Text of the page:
While I am glad safety measures exist and are indeed effective, the fact is my trust in the institutional church has been broken and will take a great deal of time to rebuild. I believe, however, there are some basic things the hierarchy can do to help parents like me. It would have helped, for instance, if before returning to business as usual—and Quo Vadis definitely falls into that category as a business as usual—the bishops had met with parents to address concerns about safety and faith formation, especially if the bishops want parents to entrust their children into the church’s hands for four days. To be fair, the vocations director did hold a meeting with parents after the revelations last summer, but that is not enough, at least not for me. The bishops need to show up, to build rapport and to repeatedly engage in difficult conversations.
Trust is not built on policy and paperwork.
What is required of the bishops at this point in time is one-on-one connection and ongoing discussion with parents in the pews. The shepherds must be with their sheep, listening and tending to the concerns of their people, especially if the they are asking families to encourage vocations. This perhaps will require a shift in how they understand their role as the head of the diocese, but it is what is needed if the hierarchy wants to gain a modicum of trust with parents like me.
The bishops need to show up, to build rapport and to repeatedly engage in difficult conversations. Trust is not built on policy and paperwork.
I believe the laity, too, are called to a new way of behaving and thinking. In families where generations of abuse have existed, at least one family member must change their behavior in order to stop the cycle of abuse. This requires them to do something different—move out, cut ties or report abuse to the authorities. A survivor cannot simply do what the family has always done.
In the same way, if lay Catholics want to end the cycle of abuse, the power plays and the toleration for illicit lifestyles among some of the clergy, as well as ensure proper spiritual formation for all Catholics, we need to do something different this time. We must start asking tough questions of the bishops, and we must not stop asking questions until we are satisfied with answers.
Why should we consider Quo Vadis for our boys, especially given the egregious history of sexual abuse in the church? How are the bishops regularly communicating the measures they have taken to protect children and to offer the best spiritual formation possible to the parents? How can the bishops ensure the spiritual formation the boys receive at Quo Vadis is orthodox and rightly ordered? What is different between last summer and now that should persuade us to entrust our sons to an institution that has failed us in its handling of sexual abuse from the top down?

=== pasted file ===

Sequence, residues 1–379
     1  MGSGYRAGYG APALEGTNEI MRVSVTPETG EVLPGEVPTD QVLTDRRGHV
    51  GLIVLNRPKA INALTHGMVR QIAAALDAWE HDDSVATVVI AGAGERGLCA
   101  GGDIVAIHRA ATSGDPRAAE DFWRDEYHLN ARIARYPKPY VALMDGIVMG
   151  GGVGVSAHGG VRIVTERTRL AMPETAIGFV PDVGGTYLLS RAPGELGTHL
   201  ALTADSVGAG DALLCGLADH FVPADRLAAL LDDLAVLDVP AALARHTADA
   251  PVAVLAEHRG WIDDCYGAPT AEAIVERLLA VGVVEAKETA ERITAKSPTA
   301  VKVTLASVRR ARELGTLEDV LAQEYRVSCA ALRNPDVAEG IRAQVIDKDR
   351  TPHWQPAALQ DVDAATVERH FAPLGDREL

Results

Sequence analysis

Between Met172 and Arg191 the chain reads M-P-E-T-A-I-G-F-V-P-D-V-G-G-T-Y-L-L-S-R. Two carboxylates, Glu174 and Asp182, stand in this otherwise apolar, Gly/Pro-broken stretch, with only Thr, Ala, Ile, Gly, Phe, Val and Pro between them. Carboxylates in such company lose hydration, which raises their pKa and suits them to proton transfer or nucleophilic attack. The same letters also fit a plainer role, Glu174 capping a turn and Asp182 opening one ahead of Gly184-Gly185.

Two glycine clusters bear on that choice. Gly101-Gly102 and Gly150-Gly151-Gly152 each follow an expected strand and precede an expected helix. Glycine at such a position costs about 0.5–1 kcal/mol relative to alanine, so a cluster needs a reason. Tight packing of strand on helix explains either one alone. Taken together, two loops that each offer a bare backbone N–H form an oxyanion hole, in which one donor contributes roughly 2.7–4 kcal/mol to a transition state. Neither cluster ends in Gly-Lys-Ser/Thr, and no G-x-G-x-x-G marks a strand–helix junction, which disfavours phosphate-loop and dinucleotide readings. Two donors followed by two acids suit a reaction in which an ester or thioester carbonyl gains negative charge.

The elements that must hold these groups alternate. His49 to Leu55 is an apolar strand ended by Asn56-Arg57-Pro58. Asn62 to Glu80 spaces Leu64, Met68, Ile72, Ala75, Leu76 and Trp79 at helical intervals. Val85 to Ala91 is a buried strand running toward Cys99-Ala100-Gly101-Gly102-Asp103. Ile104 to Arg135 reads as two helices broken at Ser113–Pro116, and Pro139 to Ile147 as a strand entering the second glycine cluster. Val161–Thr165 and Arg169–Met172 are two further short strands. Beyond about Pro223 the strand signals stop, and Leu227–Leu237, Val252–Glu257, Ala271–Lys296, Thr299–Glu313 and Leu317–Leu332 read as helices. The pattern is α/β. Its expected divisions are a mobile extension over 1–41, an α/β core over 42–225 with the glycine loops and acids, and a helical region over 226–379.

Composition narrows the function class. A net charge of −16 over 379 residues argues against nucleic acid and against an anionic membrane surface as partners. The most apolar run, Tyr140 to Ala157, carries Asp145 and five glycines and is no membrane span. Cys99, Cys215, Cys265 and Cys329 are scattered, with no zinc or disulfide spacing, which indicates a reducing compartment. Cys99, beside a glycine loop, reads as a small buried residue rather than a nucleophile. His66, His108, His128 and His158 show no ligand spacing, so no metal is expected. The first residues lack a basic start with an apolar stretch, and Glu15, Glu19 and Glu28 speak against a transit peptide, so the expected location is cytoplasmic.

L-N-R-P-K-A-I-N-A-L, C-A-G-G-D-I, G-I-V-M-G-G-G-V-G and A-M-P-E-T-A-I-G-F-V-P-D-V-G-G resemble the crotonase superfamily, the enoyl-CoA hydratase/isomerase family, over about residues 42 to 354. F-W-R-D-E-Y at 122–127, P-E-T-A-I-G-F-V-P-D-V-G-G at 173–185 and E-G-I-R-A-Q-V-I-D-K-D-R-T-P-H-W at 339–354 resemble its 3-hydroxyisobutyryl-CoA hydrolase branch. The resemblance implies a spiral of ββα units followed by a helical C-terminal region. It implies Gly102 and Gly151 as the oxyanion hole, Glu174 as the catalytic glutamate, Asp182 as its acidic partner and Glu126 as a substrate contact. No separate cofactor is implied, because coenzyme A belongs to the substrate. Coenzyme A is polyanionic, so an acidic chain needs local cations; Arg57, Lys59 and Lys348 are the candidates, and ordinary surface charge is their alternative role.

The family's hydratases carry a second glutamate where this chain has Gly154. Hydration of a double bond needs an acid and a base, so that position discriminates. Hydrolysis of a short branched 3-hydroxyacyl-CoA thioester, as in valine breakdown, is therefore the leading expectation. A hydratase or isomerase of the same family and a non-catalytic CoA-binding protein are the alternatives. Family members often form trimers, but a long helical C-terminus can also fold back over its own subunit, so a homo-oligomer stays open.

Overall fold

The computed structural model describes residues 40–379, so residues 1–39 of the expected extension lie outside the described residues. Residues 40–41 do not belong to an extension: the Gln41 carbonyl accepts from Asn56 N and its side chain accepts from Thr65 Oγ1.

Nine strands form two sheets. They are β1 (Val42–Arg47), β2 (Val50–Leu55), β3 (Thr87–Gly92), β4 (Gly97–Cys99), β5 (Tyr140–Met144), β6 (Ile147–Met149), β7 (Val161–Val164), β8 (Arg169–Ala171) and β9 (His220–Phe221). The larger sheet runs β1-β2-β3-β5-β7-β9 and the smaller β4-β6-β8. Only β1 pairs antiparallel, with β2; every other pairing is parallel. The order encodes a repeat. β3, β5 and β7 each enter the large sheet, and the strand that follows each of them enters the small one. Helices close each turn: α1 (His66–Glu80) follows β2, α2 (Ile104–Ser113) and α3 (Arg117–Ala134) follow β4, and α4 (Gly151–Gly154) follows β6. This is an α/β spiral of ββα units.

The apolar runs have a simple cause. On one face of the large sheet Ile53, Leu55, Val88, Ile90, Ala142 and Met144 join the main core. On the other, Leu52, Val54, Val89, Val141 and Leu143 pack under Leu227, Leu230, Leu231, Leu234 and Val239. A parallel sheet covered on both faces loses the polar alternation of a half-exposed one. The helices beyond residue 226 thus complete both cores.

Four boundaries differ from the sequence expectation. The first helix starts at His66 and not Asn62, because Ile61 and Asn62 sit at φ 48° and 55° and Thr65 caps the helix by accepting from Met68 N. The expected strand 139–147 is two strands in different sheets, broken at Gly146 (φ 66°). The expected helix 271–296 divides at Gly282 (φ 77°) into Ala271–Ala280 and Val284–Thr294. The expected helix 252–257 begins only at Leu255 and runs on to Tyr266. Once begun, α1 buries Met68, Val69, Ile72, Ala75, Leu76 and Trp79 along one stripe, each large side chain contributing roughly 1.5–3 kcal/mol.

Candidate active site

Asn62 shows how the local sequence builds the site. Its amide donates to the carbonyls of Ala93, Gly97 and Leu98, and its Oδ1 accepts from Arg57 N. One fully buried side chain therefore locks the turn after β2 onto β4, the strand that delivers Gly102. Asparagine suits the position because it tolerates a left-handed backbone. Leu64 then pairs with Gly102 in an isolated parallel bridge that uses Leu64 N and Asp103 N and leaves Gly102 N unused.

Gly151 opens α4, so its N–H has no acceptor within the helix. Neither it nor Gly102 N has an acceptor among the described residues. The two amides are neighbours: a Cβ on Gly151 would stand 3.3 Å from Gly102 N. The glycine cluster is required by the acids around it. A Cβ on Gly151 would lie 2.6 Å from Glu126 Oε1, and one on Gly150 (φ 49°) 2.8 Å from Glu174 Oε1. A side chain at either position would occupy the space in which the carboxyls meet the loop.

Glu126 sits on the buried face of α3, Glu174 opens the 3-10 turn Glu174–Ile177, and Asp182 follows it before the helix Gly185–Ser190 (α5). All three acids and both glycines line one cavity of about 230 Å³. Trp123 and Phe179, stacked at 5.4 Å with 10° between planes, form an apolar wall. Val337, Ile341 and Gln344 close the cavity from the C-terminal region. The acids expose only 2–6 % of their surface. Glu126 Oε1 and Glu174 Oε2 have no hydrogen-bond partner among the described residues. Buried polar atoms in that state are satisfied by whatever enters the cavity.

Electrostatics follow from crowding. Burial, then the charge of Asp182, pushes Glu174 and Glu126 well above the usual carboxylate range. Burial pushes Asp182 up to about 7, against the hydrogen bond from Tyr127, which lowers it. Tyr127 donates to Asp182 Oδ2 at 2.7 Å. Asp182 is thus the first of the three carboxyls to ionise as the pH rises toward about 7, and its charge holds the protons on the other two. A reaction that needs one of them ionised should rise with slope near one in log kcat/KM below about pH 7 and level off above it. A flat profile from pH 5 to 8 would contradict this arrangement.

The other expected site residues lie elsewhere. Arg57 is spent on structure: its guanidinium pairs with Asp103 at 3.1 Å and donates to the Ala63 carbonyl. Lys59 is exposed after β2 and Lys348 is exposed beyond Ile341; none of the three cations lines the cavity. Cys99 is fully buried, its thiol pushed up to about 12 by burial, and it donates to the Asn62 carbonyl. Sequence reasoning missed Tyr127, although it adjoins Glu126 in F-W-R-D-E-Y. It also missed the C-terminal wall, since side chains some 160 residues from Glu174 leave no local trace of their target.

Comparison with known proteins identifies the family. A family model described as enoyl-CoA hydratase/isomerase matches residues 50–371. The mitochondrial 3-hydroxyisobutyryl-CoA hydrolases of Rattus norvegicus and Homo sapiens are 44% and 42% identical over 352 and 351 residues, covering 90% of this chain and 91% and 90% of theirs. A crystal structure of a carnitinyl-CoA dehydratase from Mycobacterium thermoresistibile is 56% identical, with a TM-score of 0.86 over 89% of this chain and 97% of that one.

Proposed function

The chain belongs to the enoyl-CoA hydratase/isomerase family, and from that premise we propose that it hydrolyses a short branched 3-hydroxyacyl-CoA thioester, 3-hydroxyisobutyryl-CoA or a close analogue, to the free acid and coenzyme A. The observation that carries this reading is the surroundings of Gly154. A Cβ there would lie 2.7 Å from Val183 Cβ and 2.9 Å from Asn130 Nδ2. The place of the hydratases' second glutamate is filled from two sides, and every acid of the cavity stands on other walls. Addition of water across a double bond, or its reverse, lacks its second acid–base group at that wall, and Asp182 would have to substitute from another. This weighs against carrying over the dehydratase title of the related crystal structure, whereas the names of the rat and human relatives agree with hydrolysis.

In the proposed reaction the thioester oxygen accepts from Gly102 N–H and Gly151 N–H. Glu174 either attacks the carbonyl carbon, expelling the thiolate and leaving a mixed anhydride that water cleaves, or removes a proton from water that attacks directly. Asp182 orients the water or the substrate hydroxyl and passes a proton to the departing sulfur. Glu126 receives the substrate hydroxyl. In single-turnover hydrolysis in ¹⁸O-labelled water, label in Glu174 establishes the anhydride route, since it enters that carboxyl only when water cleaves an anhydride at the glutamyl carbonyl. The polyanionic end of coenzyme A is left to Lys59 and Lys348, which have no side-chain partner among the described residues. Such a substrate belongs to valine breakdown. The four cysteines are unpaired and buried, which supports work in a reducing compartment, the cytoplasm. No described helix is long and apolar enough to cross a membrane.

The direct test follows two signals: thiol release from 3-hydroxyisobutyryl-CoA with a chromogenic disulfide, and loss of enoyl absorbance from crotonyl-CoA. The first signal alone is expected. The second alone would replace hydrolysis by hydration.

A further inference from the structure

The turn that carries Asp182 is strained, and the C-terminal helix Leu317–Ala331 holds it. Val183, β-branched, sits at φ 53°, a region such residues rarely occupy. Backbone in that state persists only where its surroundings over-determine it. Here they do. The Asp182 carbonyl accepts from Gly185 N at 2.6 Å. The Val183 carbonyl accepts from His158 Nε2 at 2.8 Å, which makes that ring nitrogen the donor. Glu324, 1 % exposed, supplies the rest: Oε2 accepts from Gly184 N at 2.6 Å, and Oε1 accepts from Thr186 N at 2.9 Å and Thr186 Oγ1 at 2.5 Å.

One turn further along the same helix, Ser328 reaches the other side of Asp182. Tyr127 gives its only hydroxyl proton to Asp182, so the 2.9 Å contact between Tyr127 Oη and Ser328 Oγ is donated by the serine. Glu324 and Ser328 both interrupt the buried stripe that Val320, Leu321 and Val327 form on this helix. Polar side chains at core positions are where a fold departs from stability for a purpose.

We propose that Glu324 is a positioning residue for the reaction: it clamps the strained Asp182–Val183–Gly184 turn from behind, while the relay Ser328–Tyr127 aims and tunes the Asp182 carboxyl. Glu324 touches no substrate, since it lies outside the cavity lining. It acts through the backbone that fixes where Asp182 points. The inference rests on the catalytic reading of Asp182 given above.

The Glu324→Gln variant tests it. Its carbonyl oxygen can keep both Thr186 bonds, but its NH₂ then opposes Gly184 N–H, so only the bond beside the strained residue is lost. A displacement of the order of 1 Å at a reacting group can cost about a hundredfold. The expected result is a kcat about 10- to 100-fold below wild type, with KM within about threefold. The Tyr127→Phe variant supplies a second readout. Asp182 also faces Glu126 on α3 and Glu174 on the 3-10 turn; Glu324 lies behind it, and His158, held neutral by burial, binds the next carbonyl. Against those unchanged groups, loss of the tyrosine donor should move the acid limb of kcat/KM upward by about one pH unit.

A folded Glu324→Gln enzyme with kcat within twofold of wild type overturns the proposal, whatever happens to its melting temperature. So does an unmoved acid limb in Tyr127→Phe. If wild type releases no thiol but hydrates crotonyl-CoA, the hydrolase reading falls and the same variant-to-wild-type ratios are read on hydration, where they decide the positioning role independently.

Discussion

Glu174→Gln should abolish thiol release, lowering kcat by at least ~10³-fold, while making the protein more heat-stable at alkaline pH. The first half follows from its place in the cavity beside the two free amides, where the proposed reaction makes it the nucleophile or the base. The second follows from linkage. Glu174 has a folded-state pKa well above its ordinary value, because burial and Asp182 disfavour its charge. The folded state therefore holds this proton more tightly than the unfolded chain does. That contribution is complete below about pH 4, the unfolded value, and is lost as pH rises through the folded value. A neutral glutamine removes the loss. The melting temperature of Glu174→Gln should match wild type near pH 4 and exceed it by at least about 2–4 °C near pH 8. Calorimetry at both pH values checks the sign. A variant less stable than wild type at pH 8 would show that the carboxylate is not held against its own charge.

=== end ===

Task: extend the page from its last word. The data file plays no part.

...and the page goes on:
If we want the scandals in the church to stop, the laity must refuse to be content with the status quo.
If we want the scandals in the church to stop, the laity must refuse to be content with the status quo. I fear, however, there exists among some parents a level of unquestioning trust in the church that no human institution deserves. If we do not engage in regular dialogues with those in charge about what is different going forward, we enable the longstanding pattern of abuse to hold. If we entrust our sons to the church without demanding more direct communication from the hierarchy, we allow the clerical culture to remain entrenched.
“But what about vocations?” a good friend asked me when I expressed my concerns about the Quo Vadis retreat. To which I say: We must not fear losing priests because we ask the right questions of our bishops. The Scriptures remind us that the gates of hell will not prevail against the church. I believe there will always be a holy remnant—good men and women willing to live and die serving Jesus Christ’s Catholic Church. I believe Jesus Christ himself will provide the priests we need.
But I also believe he needs participation from laypeople. In this moment, he asks for our help; he asks us to refuse to participate in potential abuse by allowing things to be done as they have always been done. To end the history of abuse in the Catholic Church, the laity must continue to ask—over and over again—the same question the diocese asks our sons: Quo vadis? Where are you going?
And we must demand they give a satisfactory answer.